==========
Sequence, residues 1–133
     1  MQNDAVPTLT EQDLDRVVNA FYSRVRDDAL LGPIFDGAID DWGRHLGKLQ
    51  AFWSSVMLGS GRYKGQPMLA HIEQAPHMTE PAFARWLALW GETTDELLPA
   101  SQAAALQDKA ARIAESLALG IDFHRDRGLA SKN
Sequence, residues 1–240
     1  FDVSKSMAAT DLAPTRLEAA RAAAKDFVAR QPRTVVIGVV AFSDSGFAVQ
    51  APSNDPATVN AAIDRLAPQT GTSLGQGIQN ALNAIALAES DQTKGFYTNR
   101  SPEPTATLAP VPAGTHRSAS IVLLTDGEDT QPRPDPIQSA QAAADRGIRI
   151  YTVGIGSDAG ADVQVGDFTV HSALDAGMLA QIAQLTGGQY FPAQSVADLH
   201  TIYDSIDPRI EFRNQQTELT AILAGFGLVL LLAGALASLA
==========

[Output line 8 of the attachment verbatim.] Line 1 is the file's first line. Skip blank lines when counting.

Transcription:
   101  SPEPTATLAP VPAGTHRSAS IVLLTDGEDT QPRPDPIQSA QAAADRGIRI